March 19, 2013
Business Research Methods Part I
A business organization must make tough decisions when faced with a dilemma. They could be rising costs, employee turnover, or in the case of British Petroleum (BP), safety.
The recent explosion, deaths, and environmental impact of the deepwater Horizon oil drilling platform in the Gulf of Mexico brought the question of drilling platform safety to the forefront of the news, continuing to do so over two years later. The disaster is one of the more recent events and “is the largest marine oil spill in history” (Cleveland, 2013).
Research Question The dilemma that BP faces is keeping their employees safe while working in an industry known for its immediate danger. Are there warnings in the form of safety incidents that show likelihood that an event similar to the deepwater Horizon could happen again?
A case study, “also referred to as the case history” (research text) is used to “obtain multiple perspectives of a single organization, situation, event, or process at a point in time or over a period of time”. (Cooper & Schindler, 2011, p. 181) The research for this case study will include safety reports from many global oil companies. The purpose for researching many companies is because “When multiple units are chosen, it is because they offer similar results for predictable reasons” (Cooper & Schindler, 2011, p. 181). It is expected that researching different oil companies will show a common factor in safety incidents leading to catastrophic events.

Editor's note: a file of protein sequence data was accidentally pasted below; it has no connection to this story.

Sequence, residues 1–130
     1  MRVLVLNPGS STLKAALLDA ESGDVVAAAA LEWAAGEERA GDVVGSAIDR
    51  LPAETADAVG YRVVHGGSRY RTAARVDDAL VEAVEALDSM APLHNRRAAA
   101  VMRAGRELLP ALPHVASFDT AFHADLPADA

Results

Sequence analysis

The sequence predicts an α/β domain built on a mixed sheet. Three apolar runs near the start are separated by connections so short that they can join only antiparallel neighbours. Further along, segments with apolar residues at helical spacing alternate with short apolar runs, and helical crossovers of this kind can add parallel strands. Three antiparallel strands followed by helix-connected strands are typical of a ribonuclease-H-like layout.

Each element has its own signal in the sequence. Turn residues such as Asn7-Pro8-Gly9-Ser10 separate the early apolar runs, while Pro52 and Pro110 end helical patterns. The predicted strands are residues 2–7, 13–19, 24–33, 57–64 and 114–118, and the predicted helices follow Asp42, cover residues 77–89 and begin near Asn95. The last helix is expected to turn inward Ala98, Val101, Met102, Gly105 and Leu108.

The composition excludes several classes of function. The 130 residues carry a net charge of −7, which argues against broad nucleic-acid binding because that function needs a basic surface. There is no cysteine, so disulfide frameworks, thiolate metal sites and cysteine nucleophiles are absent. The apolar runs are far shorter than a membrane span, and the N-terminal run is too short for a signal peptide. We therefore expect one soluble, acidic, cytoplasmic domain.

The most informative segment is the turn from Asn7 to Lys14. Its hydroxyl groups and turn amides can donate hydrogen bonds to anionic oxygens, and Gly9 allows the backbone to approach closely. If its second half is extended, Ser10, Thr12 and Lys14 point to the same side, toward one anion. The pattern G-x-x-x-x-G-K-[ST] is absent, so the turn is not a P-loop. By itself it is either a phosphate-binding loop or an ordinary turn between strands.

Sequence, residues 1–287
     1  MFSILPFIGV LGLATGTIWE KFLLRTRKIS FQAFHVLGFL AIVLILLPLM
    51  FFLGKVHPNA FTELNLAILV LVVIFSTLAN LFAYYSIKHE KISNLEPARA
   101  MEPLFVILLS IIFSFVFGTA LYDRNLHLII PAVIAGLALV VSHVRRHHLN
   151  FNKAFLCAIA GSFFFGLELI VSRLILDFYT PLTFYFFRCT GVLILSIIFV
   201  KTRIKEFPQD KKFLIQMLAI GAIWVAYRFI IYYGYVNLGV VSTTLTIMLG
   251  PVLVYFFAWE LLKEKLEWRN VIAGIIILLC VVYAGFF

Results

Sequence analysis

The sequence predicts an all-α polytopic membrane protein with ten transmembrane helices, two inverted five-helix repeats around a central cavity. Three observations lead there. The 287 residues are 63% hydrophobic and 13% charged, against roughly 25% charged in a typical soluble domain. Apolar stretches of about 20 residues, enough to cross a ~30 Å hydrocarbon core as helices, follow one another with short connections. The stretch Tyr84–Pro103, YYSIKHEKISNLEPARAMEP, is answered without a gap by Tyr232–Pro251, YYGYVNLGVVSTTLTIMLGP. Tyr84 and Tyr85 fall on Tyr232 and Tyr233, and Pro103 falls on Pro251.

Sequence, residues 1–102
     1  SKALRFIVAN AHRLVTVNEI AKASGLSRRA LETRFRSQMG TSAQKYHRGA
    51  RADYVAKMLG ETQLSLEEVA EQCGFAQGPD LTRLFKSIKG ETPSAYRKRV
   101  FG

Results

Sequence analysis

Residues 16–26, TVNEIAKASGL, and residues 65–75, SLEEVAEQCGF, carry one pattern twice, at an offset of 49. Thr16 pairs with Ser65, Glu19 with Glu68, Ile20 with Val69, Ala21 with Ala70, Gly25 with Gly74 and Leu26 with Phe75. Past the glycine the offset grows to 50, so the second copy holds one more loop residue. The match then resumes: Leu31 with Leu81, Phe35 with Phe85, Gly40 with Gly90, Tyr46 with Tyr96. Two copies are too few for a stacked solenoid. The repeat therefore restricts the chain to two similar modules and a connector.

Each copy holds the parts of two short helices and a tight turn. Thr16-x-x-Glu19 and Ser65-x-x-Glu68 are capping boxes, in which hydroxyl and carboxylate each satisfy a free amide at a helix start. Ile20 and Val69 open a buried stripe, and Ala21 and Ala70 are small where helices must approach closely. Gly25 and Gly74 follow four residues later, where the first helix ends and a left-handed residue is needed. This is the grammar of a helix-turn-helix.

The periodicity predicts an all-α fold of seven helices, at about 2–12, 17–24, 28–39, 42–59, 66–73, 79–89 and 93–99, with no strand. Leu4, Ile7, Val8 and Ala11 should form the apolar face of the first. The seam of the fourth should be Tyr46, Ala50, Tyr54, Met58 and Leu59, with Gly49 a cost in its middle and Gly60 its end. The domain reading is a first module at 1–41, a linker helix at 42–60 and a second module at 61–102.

A non-probability sample design will be used for collecting data. However, to select effectively a sample design certain questions must be answered. They include, “What is the target population? What are the parameters of interest? What is the sampling frame? What is the appropriate sampling method? What size sample is needed” (Cooper & Schindler, 2011,
References: Cleveland, C. J. (2013). Deepwater Horizon Disaster: Deepwater Horizon oil spill. Retrieved from http://www.eoearth.org/article/Deepwater_Horizon_oil_spill?topic=50364 Cooper, D. R., & Schindler, P. S. (2011). Business Research Methods (11th ed.). Retrieved from The University of Phoenix eBook Collection database. Crossman, A. (n.d.). Types Of Sampling Designs. About.com. Retrieved from http://sociology.about.com/od/Research/a/sampling-designs.htm